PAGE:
Beyond Capsule Closeting: How and Why to Try a Style Challenge

For many years, my disorganized and overflowing closet was the focus of my mornings. I’d stand in front of my clothes, not wanting to wear what I could see and unable to see what was hiding in piles and boxes meant to help organize the mess. I’d notice the minutes ticking by on the clock, and then throw on whatever I grabbed first.

Then, five years ago, I read about capsule closeting and Courtney Carver’s Project 333. By concept, capsule closeting is a way of simplifying and streamlining your wardrobe to a manageable number of items. It’s an opportunity to reduce wasted time and energy spent doing exactly what I had been doing each morning.

Project 333 puts specific guidelines around that concept, suggesting that participants select 33 items to wear for three months, packing anything else owned out of sight (or donating, consigning, or swapping it) until it’s time for the quarterly rotation.

I thought I’d give it a shot. It wasn’t easy. As I pulled everything out of my closet and from storage containers gathering dust under the bed, I learned first and foremost that I had an appalling amount of tops, pants, denim skirts, dresses, and coats. My overspending became visual through large, lumpy piles.

Now more than five years out and many cycles of Project 333, donation runs, and swap parties behind me, I haven’t completely escaped the lure of a new cozy flannel or trendy T-shirt. But I’m much more aware of what I’m taking on both financially and emotionally when I hand over my credit card. And I’ve learned that while I’m a stress shopper, I also regularly feel a desire to head to a local boutique or resale store when I’m simply bored.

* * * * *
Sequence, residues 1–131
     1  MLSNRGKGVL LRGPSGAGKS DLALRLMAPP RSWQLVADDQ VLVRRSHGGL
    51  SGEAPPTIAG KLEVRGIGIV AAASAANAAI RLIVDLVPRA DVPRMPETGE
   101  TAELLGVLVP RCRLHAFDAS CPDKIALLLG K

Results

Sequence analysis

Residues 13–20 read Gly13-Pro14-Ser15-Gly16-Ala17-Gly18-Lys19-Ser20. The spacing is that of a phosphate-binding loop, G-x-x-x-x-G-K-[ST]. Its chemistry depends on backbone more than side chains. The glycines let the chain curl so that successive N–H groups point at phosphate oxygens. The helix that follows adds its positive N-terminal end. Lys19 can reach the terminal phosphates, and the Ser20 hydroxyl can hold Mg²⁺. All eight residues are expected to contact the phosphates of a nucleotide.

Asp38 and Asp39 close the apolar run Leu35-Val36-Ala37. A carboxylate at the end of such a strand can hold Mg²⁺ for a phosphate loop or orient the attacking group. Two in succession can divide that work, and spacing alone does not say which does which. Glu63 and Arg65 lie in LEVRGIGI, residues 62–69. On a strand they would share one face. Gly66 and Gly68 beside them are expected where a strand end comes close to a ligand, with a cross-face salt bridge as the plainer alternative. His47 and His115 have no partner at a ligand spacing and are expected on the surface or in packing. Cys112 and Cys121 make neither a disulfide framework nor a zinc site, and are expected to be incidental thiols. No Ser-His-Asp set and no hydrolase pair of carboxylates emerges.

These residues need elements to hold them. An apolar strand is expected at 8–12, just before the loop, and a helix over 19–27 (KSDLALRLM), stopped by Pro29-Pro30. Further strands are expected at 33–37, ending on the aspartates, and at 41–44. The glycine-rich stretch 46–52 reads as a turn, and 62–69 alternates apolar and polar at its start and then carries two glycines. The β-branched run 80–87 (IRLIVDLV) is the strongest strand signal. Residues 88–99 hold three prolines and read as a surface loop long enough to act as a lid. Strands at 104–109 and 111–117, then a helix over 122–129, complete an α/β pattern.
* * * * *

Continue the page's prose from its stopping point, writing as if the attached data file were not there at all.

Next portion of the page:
Enter style challenges.

Get Creative

As the capsule closeting movement has grown, so too have the opportunities for style challenges. A quick Google or Instagram search offers up numerous opportunities, and that’s how I found the 10 x 10 Style Challenge by Lee Vosburgh, Canadian designer and owner of the Style Bee website.

Vosburgh says she started the free 10 x 10 Challenge in 2015 to help her “get more creative” with her clothes during a 30-day shopping fast.

Most minimalist style challenges push you to work from a microcapsule closet. Vosburgh’s is no different. She has you choose 10 items that you mix and match for 10 days. The only rule is you can’t wear the same outfit multiple days — though putting together a different outfit may be as simple as swapping out sneakers for boots. It’s an opportunity to test out new looks and ways of styling your clothes that you might not otherwise attempt. (How many of us rely on the same sweater with the same jeans and the same comfy Converse?)

“Creativity loves constraint,” says Vosburgh, “and it’s so cool to see the results of working within set limits.”

Though I took the Project 333/capsule closet route first, and challenged my style after, that’s not everyone’s path. Vosburgh says that at the time she kicked off the challenge, she’d been intrigued by the idea of a capsule closet but was reluctant to sign on for several months. “This was a way to try the concept without a lengthy commitment. I ended up loving the experience and learning so much about my style that I’ve continued doing them almost every season since.”